New Russian ice-breakers will ‘change the face of shipping’ on the NSR


An artist’s impression of the monster nuclear powered Lider-class ice-breaker. Credit:


The ships will be able to break ice up to twice as thick as traditional icebreakers, opening up routes previously considered unsafe


The new generation of Russian nuclear ice-breakers under the Lider project will “change the face of shipping at the Northern Sea Route (NSR)”, opening up new, safe routes the year-round for global trade, according to the Russian deputy Prime Minister Dmitry Rogozin, who is supervising the project on behalf of the country’s government.


According to Russian state-owned shipbuilder United Shipbuilding Corporation, these vessels will be up to 200 m in length and 50 m wide. They will be capable of travelling at up to 13 kt and escorting ships with deadweight of more than 100,000 tonnes through up to 4.5 m of ice, and which is the maximum thickness in Arctic these days, Rogozin said. The “conventional ice-breakers” that Russia currently operates are able to break ice up to 2 m thick. Their operation would “open up the NSR completely for foreign customers”, including on new routes that were previously considered unreliable due to safety concerns, added Rogozin.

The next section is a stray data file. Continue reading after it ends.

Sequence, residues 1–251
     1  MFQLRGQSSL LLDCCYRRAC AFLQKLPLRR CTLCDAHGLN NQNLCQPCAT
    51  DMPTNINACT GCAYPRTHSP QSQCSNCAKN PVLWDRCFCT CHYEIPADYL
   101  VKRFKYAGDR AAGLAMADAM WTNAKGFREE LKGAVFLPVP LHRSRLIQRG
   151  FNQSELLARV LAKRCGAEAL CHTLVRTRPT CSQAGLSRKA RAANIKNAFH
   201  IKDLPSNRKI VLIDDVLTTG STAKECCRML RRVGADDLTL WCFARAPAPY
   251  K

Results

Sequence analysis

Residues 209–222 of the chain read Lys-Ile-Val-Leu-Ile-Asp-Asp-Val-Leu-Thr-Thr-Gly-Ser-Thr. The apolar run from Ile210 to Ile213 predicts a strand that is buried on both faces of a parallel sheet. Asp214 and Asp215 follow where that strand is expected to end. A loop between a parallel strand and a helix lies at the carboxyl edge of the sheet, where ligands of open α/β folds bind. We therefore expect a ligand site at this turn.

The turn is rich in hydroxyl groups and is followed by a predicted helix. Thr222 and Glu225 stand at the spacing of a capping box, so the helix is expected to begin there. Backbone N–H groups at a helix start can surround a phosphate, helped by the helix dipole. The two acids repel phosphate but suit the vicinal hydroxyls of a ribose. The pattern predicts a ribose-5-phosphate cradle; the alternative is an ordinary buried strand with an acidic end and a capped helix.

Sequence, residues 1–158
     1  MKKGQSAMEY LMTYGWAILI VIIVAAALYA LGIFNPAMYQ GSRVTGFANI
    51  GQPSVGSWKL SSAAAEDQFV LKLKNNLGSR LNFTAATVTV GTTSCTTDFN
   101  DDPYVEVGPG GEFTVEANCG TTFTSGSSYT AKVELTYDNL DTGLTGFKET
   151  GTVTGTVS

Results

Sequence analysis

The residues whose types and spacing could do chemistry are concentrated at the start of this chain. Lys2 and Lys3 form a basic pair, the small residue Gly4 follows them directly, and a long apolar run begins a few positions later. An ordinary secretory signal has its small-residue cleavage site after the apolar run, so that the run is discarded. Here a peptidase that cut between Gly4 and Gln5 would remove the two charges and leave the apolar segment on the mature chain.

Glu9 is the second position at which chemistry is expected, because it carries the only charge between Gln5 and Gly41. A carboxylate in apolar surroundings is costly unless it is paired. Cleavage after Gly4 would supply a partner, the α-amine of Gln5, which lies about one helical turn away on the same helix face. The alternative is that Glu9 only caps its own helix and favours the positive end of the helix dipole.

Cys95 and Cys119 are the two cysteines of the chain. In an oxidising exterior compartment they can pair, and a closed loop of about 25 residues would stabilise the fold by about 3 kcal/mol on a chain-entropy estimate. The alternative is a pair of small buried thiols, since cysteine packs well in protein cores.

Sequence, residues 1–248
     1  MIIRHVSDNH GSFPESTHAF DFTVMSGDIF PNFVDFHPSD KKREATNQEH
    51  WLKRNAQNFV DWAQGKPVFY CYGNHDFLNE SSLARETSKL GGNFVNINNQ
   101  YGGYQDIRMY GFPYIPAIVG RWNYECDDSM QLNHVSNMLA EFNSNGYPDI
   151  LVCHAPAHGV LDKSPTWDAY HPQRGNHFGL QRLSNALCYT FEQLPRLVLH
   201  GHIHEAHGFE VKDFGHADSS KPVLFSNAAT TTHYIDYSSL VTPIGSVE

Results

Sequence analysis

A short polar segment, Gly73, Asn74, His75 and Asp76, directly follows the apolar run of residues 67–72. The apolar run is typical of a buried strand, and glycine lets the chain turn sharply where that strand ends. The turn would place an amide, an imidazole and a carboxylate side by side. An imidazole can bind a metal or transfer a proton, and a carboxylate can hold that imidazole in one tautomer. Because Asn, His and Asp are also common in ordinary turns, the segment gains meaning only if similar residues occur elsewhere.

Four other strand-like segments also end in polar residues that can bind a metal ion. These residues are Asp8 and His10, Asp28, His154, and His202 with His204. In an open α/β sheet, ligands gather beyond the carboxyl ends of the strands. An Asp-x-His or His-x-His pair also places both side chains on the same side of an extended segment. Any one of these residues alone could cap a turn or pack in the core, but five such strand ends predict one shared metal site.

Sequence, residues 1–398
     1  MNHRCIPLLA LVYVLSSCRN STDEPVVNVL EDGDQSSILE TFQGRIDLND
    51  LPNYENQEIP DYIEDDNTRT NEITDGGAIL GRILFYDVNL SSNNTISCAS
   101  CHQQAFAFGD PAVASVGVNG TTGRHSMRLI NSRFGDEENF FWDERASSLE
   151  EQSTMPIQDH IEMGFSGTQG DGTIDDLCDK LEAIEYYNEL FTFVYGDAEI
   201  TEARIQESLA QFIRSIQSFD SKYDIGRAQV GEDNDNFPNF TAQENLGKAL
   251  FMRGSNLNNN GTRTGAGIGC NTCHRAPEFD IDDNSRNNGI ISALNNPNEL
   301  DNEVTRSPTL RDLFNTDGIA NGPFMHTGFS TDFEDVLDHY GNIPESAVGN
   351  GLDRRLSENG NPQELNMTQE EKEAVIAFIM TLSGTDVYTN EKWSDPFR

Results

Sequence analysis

He also revealed that Russia planned to make the three new-generation ice-breakers operational between 2023 and 2025. From that time the country would be able “to arrange any shipment, of any cargo, on any direction” at the NSR, he said.


In addition to escorting vessels the Lider ice-breakers would be able to solve the most complicated tasks in the Arctic, including participating in rescue missions in remote areas of the region, Rogozin claimed.


Alexey Kadilov, the general director of Baltic Shipyard, which is currently seeking the state contact to build the Lider ice-breakers, said that the project would be “a true breakthrough” for the Russian shipping industry, as it would make year-round navigation at the NSR possible.


It would also boost the trade flow of various goods from Asia to Europe through the NSR and the flow of hydrocarbons from the Russian shelf projects to Asian customers, including in South Korea, Japan and China, he added.


Russia has also commissioned a nuclear powered ice-breaker for deployment on the NSR from 2019. Russia is the only countr yin the world to build and operate nuclear powered ice-breakers and the new 173 m-long, 33,000 tonne Arktika-class vessel will be its fifth in operation.

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